Alto saxophonist Med Flory was best known to the general public as an actor, but jazz listeners are most likely to remember him as the co-founder and leader of Supersax. Flory died this week at the age of 87. He made hundreds of appearances in television shows and a few in motion pictures, usually as characters in westerns and action flicks. He’s the big man in the foreground in a scene from the 1966 film Night Of The Grizzly
. He was a familiar presence in Mannix
, Wagon Train
, Magnum P.I.
and other TV series. Flory once told the Associated Press that the acting made it possible for him to keep Supersax together. In 1972 he co-founded the group with bassist Buddy Clark and built it around transcribed and harmonized solos from the recordings of Charlie Parker. Supersax had two alto saxophones, two tenors and a baritone accompanied by piano, bass and drums. It often featured trumpet solos by Conte Candoli or trombone solos by Frank Rosolino or Carl Fontana. The band won the 1974 Grammy Award for best jazz performance. From their album with the L.A. Voices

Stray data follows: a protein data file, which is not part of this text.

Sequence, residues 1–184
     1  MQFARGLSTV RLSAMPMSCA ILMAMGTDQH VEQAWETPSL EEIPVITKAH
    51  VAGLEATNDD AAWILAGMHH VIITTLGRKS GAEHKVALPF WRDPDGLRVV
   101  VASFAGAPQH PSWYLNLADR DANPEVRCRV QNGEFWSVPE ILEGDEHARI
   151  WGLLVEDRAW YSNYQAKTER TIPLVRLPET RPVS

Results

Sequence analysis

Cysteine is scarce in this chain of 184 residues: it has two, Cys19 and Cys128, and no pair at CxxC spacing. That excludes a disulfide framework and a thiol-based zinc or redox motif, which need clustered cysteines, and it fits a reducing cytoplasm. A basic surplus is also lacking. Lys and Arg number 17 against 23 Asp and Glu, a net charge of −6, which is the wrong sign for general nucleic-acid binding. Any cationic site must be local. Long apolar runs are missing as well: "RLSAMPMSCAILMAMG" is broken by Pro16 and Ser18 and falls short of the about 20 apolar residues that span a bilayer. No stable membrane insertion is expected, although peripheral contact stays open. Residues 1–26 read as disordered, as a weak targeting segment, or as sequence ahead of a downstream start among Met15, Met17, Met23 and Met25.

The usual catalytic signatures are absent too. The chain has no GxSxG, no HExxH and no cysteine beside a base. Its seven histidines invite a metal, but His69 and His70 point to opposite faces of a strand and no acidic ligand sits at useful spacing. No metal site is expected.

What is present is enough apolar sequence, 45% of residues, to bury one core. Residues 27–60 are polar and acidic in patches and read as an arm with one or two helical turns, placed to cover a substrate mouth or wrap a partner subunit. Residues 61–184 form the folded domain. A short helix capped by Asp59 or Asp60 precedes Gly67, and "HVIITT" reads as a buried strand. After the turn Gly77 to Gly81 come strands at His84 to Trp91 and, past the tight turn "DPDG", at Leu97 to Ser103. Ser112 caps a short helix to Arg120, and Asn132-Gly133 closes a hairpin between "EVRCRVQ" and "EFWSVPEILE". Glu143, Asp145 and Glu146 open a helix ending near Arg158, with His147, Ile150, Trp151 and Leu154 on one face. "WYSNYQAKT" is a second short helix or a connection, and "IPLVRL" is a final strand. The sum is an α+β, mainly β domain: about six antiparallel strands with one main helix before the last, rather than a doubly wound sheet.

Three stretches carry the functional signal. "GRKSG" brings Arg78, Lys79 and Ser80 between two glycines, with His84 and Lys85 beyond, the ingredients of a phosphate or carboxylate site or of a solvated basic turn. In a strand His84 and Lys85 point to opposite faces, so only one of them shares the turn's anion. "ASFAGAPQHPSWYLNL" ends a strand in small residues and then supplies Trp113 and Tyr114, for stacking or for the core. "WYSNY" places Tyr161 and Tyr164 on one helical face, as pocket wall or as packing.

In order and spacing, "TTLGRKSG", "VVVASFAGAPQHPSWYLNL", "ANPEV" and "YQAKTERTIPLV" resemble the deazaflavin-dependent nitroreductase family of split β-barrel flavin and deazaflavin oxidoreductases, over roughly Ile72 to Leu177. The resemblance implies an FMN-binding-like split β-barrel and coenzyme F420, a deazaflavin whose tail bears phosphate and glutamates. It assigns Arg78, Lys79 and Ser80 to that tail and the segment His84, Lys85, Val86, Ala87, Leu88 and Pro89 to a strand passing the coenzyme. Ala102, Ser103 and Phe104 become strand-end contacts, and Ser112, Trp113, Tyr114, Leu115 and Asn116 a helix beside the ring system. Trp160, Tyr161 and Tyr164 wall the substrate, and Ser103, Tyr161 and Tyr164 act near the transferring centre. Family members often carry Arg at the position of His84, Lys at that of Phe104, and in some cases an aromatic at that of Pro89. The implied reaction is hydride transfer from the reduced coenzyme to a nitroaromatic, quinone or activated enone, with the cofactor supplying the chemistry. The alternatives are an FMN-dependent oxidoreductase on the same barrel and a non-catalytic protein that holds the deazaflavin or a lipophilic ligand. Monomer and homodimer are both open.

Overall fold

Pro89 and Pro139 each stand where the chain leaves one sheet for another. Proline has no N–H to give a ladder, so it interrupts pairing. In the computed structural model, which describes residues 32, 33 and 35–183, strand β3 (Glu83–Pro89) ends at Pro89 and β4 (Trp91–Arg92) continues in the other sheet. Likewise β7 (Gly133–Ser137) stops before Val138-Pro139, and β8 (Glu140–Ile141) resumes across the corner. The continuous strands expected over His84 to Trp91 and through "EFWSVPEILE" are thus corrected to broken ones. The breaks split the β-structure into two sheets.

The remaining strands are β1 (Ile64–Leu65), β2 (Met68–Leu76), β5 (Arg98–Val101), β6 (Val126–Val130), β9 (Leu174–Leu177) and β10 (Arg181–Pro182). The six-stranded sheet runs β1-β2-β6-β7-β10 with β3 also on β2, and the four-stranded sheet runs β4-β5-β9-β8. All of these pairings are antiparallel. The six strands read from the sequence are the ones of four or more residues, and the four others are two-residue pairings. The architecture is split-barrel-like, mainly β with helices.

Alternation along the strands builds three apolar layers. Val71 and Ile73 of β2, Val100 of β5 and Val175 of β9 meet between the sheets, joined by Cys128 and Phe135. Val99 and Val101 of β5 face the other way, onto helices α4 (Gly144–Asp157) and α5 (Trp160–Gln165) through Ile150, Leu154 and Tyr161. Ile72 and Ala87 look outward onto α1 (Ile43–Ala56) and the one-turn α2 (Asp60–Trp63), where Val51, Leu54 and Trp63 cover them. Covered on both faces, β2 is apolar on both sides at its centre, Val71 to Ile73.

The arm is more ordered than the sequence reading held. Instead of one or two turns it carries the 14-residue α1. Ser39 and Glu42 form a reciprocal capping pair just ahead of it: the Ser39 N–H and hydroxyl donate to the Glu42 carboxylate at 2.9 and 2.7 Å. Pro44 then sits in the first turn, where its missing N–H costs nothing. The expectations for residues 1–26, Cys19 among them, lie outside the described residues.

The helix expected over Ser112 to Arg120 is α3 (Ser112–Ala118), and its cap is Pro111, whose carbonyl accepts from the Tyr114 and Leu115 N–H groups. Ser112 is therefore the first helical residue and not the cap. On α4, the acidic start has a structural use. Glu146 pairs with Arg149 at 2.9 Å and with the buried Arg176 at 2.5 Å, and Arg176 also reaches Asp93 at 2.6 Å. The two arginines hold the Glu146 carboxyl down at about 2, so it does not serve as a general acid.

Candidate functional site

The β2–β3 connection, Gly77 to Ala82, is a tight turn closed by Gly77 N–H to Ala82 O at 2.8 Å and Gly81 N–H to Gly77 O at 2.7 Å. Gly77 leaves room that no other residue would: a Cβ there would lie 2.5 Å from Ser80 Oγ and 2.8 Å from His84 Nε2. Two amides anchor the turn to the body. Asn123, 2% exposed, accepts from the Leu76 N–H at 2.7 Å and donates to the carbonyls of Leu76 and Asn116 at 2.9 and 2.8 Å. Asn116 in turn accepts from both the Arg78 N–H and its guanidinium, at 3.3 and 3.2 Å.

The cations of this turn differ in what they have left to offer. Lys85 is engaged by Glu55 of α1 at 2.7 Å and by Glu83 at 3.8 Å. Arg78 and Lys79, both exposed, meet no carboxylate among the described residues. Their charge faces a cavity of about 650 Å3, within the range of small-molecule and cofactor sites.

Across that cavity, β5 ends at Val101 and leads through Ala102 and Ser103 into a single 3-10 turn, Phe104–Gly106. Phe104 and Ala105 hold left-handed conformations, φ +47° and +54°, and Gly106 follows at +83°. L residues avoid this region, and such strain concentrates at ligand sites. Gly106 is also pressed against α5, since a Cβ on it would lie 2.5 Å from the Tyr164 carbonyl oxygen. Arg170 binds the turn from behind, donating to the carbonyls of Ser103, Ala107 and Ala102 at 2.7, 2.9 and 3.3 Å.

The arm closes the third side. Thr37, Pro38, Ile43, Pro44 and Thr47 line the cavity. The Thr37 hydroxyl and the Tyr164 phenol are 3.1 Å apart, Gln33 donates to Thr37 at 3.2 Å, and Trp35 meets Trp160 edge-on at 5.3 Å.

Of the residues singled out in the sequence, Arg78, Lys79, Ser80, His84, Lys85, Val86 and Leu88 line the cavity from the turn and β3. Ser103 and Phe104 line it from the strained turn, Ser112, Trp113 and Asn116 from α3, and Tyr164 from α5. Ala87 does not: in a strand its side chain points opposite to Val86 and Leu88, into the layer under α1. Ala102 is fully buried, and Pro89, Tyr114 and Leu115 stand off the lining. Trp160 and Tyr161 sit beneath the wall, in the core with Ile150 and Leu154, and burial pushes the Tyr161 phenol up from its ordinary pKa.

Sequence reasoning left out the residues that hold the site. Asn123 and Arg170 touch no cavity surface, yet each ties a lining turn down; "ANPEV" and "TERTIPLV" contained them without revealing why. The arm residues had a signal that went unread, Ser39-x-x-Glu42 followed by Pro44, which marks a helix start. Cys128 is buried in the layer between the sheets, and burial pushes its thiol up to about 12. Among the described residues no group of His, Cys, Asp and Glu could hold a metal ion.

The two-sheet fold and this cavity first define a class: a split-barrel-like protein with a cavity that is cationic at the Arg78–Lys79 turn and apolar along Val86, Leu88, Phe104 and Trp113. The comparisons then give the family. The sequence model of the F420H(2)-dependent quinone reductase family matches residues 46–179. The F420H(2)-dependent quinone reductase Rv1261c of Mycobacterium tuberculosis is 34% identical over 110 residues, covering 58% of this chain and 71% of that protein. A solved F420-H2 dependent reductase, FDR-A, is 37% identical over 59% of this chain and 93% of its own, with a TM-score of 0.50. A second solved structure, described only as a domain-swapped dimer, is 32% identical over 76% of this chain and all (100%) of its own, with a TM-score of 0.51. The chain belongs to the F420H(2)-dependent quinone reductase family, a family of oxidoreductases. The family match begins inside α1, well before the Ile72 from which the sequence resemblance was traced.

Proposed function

, here’s Supersax with “Embraceable You,” instrumental and vocal arrangement by Med Flory in a stunning treatment of the Parker solo.
Through the ‘70s, ‘80s and ‘90s, Supersax recorded a dozen albums. Apart from Supersax, Flory maintained active playing until a few years ago. Operating his acting and music careers in parallel, he often took part in big band concerts, jazz parties and the festivals of the Los Angeles Jazz Institute. For a summary of Med Flory’s career, see the obituary
by Don Heckman in The Los Angeles Times
This story appears courtesy of Rifftides by Doug Ramsey.
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